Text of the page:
If what is currently happening in the Israeli-occupied West Bank took place before 7 October, our attention would have been fixated completely on that part of Palestine. The ongoing Israeli genocide in Gaza, however, has distracted us from the important events underway in the West Bank, which is now a stage for the most violent Israeli military campaign since the Second Palestinian Uprising between 2000 and 2005.
At the time of writing, since 7 October more than 360 Palestinians have been killed by Israelis in the West Bank, while thousands have been wounded. Thousands more have been arrested. These numbers exceed, by far, the total number of Palestinians killed in 2022, which was already designated by the UN as the most violent year on record in the occupied territory since 2005.
How are we to understand the logic behind the Israeli violence in the West Bank, given that it is already under a brutal Israeli military occupation and the joint “security” control of the Israel “Defence” Forces and the Palestinian Authority? And if the Israelis are honest in their claim that their offensive in Gaza is not genocide against the Palestinian people per se, but a war against Hamas, why are they attacking the West Bank with such ferocity, killing people from all different political and ideological backgrounds, and many civilians, including children?
The answer lies in the growing political power of the Jewish settlers, whose presence is illegal under international law. Historically, there are two kinds of Israeli violence meted out routinely against Palestinians: violence carried out by the Israeli army; and violence carried out by Jewish settlers.
Palestinians understand fully that they are intrinsically linked. The settlers often attack Palestinians under the protection of the Israeli army, and the latter often launches violent raids on Palestinians for the sake of the illegal settlers.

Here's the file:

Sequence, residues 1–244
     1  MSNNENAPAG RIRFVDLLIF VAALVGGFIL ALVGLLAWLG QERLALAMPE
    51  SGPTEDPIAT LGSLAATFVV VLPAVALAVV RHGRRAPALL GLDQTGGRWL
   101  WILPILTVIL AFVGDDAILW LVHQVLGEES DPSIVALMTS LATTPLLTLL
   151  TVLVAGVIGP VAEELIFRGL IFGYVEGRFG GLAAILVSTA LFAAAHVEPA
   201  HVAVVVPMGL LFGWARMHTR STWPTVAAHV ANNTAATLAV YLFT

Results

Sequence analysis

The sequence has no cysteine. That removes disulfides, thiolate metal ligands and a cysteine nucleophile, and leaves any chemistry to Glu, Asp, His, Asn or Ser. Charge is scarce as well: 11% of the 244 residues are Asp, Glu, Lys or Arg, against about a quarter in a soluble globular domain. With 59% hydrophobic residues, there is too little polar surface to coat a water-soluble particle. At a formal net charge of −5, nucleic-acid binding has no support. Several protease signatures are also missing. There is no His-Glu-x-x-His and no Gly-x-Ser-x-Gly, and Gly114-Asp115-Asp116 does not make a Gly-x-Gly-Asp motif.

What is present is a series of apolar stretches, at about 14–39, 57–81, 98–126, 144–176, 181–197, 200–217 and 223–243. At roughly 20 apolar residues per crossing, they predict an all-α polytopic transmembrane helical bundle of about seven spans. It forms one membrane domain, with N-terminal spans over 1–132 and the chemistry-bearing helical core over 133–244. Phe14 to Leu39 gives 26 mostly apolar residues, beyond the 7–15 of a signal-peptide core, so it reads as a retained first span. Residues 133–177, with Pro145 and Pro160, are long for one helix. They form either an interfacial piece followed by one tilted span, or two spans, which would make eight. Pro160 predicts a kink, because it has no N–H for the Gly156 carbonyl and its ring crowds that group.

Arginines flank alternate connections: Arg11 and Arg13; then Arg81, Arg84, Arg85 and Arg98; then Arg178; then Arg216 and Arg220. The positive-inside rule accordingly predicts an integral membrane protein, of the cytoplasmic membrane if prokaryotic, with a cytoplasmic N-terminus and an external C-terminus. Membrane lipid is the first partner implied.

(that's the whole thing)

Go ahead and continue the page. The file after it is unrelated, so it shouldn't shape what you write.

In recent years, however, the relationship between these two violent entities has started to change, thanks to the rise of the far right in Israel, which is situated mostly within illegal settlements, and their supporters inside Israel. Hence, it should not be a surprise that both of the most far-right ministers in the extremist government of Benjamin Netanyahu, Itamar Ben-Gvir and Bezalel Smotrich, are themselves settlers.
As soon as Ben-Gvir became National Security Minister, he began promoting the idea of establishing a National Guard. After 7 October, he managed, with direct support from Netanyahu’s government, to establish so-called civilian security teams. Israeli officials like Yair Lapid, for example, have described Ben-Gvir’s new armed group as a “private militia”. And he is right.
Although Ben-Gvir insists that the war in Gaza must continue, his actual aim from this — aside from the ethnic cleansing of the Palestinian population in the territory — is to use this rare opportunity to fulfil all of the wishes of Israel’s political extremists, all at once.
Remember, Ben-Gvir came to power based on the lofty promises of annexing the West Bank, expanding settlements and seizing control of Palestinian holy sites in East Jerusalem, among other extremist ideas. Al-Aqsa Mosque was a major target for him and his equally far-right followers, who believe that only by building a Third Temple on the ruins of Islam’s third holiest shrine would Israel be able to reclaim total control over the Holy Land.
Ben-Gvir’s bizarre political language could once have been dismissed as the extremism of a fringe politician